5. Oh, yes, Michelle D. And I will soon post even more photos of my country place, and possibly you will understand me even less!

    It has nothing going for it except a profound sense of peace–and super-fertile soil. And to me, those are the two most beautiful possible qualities in a landscape.

  6. What you enjoy, all the rustle of unknown critters in your mini cane brake, totally freaks out some people . Rats!! Snakes!! Bugs!! Giant mutant whatever that will eat my little fifi or fluffy or first born child. These are the people that want a gulf course like lawn and individually placed sheared shrubs. No wildlife. How boring. I like your scenery over California coast which falls into (for me) the catagory of nice place to visit, wouldn’t want to live there.

  7. Yeah. . . I know what you mean, Michele. I’m sort of scratching my head on this one. The two types of Phragmites are genetic variants on the same species, and it sounds like the non-native one flourishes in areas where pollution is already stressing the native plants. I don’t have the book at hand, but if I remember correctly, in the book Bringing Nature Home, there is information on the significant difference in biodiversity between stands of the native and non-native varieties.
    Ultimately, I put this one in the same category as poison ivy: a plant that has risen to destructive potential due to changes in the landscape caused by humans. Whether it is native or not, it is a problem plant. But the solution likely doesn’t rest in killing the plant, but in changing how we treat (and mistreat) our landscapes.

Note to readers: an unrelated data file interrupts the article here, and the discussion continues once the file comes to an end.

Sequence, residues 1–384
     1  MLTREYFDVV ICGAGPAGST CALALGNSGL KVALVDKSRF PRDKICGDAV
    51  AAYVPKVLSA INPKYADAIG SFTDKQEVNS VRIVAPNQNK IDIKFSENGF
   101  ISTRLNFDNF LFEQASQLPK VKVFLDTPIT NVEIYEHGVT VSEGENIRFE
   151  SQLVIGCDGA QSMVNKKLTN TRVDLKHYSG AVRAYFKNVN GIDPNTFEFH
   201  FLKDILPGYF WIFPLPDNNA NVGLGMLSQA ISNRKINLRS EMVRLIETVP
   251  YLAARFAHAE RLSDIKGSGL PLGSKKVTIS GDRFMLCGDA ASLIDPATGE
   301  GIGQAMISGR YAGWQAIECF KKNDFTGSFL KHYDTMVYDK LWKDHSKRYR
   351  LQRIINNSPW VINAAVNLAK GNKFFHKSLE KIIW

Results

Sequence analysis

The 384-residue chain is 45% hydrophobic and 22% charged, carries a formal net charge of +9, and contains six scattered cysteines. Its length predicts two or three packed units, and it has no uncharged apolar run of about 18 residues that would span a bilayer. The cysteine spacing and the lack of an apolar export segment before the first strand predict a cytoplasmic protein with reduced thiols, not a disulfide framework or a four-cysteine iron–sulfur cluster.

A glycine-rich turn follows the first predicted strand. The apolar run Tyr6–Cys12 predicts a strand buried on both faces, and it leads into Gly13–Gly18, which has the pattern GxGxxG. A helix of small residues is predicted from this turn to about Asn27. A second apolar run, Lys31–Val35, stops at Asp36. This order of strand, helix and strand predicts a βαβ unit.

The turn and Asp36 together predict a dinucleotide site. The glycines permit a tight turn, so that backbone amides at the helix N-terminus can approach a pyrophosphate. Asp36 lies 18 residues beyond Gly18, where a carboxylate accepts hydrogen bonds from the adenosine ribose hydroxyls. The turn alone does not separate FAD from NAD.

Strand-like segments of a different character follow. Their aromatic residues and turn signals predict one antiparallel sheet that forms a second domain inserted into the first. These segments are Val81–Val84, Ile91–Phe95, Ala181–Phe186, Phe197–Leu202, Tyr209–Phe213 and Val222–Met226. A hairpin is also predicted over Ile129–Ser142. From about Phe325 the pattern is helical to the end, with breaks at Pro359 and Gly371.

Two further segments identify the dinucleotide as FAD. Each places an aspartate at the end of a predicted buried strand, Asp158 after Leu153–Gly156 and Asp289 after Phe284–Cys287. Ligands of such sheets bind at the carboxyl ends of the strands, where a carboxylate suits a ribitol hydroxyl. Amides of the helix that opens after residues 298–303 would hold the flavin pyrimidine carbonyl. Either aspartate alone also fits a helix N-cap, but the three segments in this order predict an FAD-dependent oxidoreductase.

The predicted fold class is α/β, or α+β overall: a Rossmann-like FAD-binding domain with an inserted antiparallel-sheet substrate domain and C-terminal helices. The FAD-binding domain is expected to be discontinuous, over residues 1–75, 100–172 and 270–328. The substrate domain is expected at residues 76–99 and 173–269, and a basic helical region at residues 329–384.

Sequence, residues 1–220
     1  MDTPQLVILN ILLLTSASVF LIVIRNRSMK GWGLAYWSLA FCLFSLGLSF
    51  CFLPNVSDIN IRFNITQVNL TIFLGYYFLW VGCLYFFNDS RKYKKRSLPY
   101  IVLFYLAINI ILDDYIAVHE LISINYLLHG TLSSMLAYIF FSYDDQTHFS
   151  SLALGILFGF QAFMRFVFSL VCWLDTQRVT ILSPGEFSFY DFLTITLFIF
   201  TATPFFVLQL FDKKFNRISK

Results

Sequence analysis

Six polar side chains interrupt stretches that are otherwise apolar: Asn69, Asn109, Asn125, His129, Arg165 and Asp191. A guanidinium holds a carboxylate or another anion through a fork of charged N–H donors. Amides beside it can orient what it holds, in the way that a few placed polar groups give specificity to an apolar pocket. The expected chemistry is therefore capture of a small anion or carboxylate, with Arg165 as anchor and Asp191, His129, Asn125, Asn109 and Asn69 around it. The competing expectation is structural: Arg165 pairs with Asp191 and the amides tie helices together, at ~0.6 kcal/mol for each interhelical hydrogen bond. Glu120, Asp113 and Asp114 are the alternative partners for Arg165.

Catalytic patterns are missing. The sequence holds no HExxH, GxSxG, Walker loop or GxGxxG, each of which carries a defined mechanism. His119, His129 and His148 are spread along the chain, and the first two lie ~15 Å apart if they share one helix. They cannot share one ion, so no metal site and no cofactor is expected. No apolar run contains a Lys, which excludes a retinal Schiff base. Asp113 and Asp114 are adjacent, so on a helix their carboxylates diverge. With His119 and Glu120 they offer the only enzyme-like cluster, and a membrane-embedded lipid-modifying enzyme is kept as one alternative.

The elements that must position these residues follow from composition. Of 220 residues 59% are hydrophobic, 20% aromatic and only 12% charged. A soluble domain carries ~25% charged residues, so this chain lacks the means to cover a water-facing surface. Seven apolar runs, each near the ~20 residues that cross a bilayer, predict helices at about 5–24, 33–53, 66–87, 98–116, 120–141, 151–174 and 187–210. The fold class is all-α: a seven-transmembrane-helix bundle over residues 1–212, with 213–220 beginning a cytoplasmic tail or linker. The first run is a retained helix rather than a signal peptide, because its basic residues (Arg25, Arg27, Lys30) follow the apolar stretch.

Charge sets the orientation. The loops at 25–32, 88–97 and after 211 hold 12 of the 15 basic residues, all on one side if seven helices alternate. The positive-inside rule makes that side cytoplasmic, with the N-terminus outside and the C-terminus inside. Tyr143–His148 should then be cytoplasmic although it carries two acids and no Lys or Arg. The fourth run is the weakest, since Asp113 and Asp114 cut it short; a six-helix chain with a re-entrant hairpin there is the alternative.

8. I’m not a fan of invasive “exotic” plants. While some can be harmless others can cause a lot of problems. In Northern California the biggest problem plant right now IMHO is Eucalyptus. It pushes out the native oak woodlands. Other plants have a heard time growing under them. They are HUGE fire hazards (they don’t just burn, they explode), they are shallow rooted and fall often, causing a huge hazard next to roadways (there is actually a highway here that has “Falling Trees” signs on it). My other beef is with the nearly complete destruction of native grassland, but that battle was lost a long time ago with the Spaniards. Before them we weren’t the “Golden State.” The drought tolerant plants allowed for green hills all year.